In 2015, Hallucigenia‘s head was definitively determined and examined under an electron microscope. In addition to having a pair of eyes, the worm surprised scientists by featuring a mouth ringed with teeth as well as more needlelike teeth lining its throat. The mouth teeth are believed to have generated suction by flexing in and out, pulling food in. The throat teeth kept the food from getting back out.

5 The Dinosaur With Smaller Arms Than T. Rex


If someone says “dinosaur with tiny, useless arms,” the first thing you’ll envision is probably T. rex, although its arms were quite strong and heavily muscled and may have been useful for hooking onto struggling prey. Carnotaurus, however, was the genuine article. The genus of large theropods lived in South America during the Late Cretaceous period and had truly puny arms.

It’s easy to miss Carnotaurus’s arms, given the awesome pair of horns on its head. The arms are so small that some paleontologists have described them as vestigial. Although the forearms were strongly built, they were only one-quarter the length of the already small humeri. The four-fingered hands were also oddly tiny.

Paleontologists have no idea why the arms were like this. They can track the progressive shrinking of the front limbs among Carnotaurus’s ancestors, but they have no idea why evolution would favor this trend.

4 The Snake With Four Legs


Photo credit: The Dragon’s Tales

Sitting in Germany’s Solnhofen Museum was a fossilized snake from the Crato Formation in northeastern Brazil that was simply labeled, “Unknown fossil.” One day, David Martill, an expert on the Crato Formation, visited the museum, saw the snake, and realized that the fossil had to be about 20 million years older than any known fossilized snakes. He described it as “the ancestor of all snakes.”

The fossil held another surprise: It had four limbs. Snakes with two limbs had previously been described, but no four-limbed ones had. Dubbed Tetrapodophis amplectus, the snake lived 120 million years ago and likely used its limbs to grip things rather than to walk.

T. amplectus is generally believed to have been a transitional species between earlier lizards and modern snakes. Interestingly, the bones at the end of the digits on its feet are quite long, a feature typically only seen in tree-climbing animals.

3 Diplodocus Tails Broke The Sound Barrier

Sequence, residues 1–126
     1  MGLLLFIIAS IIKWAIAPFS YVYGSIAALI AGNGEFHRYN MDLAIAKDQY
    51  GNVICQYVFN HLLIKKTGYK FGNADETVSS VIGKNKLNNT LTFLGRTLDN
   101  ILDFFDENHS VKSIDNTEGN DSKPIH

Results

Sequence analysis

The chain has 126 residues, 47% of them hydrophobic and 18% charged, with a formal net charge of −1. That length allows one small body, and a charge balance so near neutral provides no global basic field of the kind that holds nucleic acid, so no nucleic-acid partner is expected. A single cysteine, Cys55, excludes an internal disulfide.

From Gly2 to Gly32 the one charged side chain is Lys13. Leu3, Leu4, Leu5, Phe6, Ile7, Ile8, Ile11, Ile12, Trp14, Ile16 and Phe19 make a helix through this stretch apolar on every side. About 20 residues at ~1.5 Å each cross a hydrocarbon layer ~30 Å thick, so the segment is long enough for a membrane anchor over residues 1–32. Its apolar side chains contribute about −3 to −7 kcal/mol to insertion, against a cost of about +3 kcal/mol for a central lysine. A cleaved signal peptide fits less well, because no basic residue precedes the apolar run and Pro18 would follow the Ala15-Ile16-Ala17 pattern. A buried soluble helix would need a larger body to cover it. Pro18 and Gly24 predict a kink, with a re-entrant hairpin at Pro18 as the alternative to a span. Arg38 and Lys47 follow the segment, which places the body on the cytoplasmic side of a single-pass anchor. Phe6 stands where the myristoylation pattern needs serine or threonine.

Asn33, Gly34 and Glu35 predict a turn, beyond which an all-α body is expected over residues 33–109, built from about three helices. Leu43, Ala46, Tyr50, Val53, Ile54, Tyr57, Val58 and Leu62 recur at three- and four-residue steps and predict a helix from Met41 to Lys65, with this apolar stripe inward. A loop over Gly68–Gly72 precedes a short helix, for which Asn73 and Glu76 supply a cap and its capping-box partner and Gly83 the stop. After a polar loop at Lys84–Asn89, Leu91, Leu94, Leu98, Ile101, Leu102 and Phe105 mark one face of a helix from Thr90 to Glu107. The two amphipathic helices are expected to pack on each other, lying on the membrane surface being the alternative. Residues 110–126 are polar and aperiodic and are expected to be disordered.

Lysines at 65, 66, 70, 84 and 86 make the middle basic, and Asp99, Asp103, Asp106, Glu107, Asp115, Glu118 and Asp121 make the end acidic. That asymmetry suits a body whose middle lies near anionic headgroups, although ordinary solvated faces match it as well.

The belief that sauropods like Diplodocus could defend themselves with their whiplike tails is fairly well-known. In terms of proportion, the tails were very similar to bullwhips. In fact, their tips may have broken the sound barrier.

Computer simulations of Diplodocus and Apatosaurus tails showed that a side-to-side flick of nine degrees was enough to get the tip of the tail to a speed of 1,200 kilometers per hour (750 mph). The resultant noise would have sounded more like a cannon than the crack of a whip. The actual tails were believed to have a horizontal range of motion of 30 degrees.

Paleontologists have speculated that such tail-cracking could have also been used for communication or in competition for mates. Some tail fossils have shown evidence of strain, possibly from too much tail-cracking.

2 The Bird With Clubs On Its Wings


Photo credit: Rod6807

The Rodrigues solitaire (aka Pezophaps solitaria) was a roughly goose-sized, flightless bird that was related to the dodo. It was native to the island of Rodrigues in the Indian Ocean. Its wing bones had a distinctive feature—a round, bony knob referred to as a “musket ball.”

These musket balls were used as weapons. In a live solitaire, the knobs would have been covered in hard skin, augmenting their ability to hit. The birds had strong wing muscles to aid in swinging these musket balls, which could (and did) fracture rivals’ bones in fights. Mature males had the largest musket balls.

Historical accounts describe the birds as aggressive. No other bird has been documented to have wing clubs like this species. The Rodrigues solitaire went extinct once Europeans settled the island, long before any cockfighting enthusiasts could get ahold of them.

1 The Gopher With Horns


Photo credit: F. John

Ceratogaulus was a genus of prehistoric gopher that lived in North America from 5 million to 16 million years ago. It was about 30 centimeters (12 in) long, and it had horns. Ceratogaulus is the only known horned rodent.

There has been much speculation on the horns’ function. Ceratogaulus evolved from rodents who used their heads for digging, but its horns were not well-placed or angled for this. Use of the horns by males to compete for mates is unlikely as both sexes had the horns. Ceratogaulus probably had poor eyesight, so species recognition is also unlikely.

The most likely explanation is that the horns were for defense. They were sturdy and well-placed for protecting the eyes and neck. A predator sticking its snout into a Ceratogaulus burrow would be greeted by horns up its nostrils. If the prehistoric gopher was caught aboveground, it could go Triceratops on its attacker.

Anthony occasionally complains about things on this blog.